Editorial – A Child-Friendly Community


F_R_OM_-ogoAt a meeting of MidCentral District Health Board this month I had a ‘eureka’ moment when I learned about the ‘Leeds Child Friendly City’.

Led by the Leeds City Council in England, this policy puts the child at the centre of all decisions. It recognises the rights and role of children and young people and has included other state agencies, schools, health professional all working together to a common goal. The city council in its policy says:

‘Our vision for Leeds is to be a child friendly city. As part of this vision we will minimise the effects of poverty. Our vision contributes to the wider vision for Leeds – by 2030 Leeds will be locally and nationally recognised as the best city in the UK. We will drive change by using restorative practice, cluster and locality working and by extending the voice and influence of children and young people. The child is at the centre of everything we do. We have a relentless focus on improved outcomes.’

It is a dedicated, focused and compelling social movement that has captivated Leeds, its citizens and its kids. In a child friendly city the children are the active agents, their voices and opinions are taken into consideration and influence decisions. It encourages children to become more responsible citizens.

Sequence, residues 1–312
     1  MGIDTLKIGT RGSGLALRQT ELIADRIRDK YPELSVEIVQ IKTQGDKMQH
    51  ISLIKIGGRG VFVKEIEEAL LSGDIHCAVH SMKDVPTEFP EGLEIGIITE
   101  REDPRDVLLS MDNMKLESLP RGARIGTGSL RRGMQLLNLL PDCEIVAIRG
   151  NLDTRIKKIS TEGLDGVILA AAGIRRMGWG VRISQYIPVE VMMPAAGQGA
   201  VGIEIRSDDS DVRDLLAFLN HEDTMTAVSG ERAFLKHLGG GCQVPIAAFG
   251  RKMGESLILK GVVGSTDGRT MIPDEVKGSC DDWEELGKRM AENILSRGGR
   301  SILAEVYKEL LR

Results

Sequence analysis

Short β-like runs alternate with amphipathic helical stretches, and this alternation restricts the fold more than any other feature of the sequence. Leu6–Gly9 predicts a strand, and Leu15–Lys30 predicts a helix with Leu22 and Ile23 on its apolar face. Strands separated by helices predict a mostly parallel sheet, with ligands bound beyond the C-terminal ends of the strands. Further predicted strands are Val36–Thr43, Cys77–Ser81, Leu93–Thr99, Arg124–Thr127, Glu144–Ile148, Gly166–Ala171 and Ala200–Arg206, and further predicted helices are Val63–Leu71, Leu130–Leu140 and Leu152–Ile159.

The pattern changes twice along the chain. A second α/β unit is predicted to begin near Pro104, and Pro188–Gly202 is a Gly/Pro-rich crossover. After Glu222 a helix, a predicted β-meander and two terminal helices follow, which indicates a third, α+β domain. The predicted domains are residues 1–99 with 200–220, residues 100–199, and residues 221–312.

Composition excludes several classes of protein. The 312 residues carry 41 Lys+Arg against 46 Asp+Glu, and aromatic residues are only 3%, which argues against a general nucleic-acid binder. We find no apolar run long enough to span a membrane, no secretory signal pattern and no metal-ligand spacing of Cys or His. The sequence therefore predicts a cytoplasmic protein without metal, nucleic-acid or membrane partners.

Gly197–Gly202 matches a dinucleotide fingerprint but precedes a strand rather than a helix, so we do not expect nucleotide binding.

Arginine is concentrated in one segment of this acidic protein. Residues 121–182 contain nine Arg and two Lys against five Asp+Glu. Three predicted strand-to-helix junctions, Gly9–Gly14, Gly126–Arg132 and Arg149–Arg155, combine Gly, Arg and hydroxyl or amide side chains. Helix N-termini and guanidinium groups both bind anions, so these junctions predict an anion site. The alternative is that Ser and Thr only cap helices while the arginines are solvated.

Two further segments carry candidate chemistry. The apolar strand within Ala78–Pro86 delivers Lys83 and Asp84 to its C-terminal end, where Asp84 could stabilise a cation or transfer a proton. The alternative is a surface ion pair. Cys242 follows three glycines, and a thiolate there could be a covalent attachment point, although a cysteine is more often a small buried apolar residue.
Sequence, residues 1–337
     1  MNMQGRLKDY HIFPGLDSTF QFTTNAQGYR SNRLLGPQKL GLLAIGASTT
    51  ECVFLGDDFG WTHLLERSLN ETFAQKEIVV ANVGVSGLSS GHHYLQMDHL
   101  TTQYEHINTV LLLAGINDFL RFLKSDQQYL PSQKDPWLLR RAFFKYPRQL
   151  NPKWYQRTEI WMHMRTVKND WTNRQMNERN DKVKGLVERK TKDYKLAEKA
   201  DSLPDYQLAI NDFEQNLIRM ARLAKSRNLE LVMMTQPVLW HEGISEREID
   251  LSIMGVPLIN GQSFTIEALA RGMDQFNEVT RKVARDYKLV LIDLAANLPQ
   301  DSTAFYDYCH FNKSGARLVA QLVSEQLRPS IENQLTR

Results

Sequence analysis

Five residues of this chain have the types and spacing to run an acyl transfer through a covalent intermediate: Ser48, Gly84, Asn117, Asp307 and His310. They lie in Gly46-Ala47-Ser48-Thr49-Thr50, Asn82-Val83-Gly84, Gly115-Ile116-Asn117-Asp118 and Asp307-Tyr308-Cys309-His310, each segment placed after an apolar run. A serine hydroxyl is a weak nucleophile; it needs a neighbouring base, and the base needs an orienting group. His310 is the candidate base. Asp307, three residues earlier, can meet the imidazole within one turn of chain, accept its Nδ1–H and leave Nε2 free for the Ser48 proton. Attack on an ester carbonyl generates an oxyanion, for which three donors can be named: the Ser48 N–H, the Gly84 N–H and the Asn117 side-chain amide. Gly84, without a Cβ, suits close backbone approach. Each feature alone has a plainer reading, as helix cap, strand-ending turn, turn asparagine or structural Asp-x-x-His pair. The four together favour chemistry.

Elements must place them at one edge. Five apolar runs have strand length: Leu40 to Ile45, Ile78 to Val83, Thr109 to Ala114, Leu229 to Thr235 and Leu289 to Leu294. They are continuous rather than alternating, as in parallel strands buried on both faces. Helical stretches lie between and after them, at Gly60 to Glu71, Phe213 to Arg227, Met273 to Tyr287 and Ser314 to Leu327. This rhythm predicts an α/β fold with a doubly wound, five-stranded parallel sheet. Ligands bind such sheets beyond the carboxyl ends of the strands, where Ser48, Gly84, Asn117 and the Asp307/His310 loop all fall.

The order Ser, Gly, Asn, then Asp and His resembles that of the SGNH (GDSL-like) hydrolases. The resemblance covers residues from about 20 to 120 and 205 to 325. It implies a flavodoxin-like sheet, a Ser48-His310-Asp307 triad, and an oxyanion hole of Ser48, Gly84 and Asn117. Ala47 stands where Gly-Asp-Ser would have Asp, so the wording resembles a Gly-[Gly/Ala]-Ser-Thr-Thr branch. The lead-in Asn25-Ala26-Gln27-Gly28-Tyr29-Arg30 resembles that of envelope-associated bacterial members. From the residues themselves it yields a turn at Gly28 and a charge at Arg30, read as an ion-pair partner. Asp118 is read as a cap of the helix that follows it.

It aims for children and young people to:

  •  be able to make safe journeys and easily travel around the city independently
  •  be able to express their views, feel heard and be actively involved
  •  be able to access jobs, work experience and education and reduce the number of kids not doing any of these things
  •  improve school attendances
  •  become healthier, more active
  •  encourage all agencies and stakeholders to be part of the movement.

It is a simple message that provides for 5 outcomes, 12 priorities and 17 key indicators and 3 obsessions! These are:

Outcomes : safe from harm, do well at all levels of learning and have the skills for life, choose healthy lifestyles, have fun growing up, are active citizens who feel they have a voice and influence.

Priorities: helping children to live in safe and supportive families, improve behaviour, attendance and achievement, and increase numbers in employment, education or training

Obsessions: number of children looked after, school attendances – primary / secondary, percentage of young people not in employment, education or training
This initiative has motivated MidCentral’s health professionals who went on a study tour to Leeds

So I have a challenge for our community, our police, our schools, our health agencies, the Otaki Community Board and the Kapiti Coast District Council. ‘Can we start a similar movement here and have the safety of our kids at the centre of all our decisions?’

Ann Chapman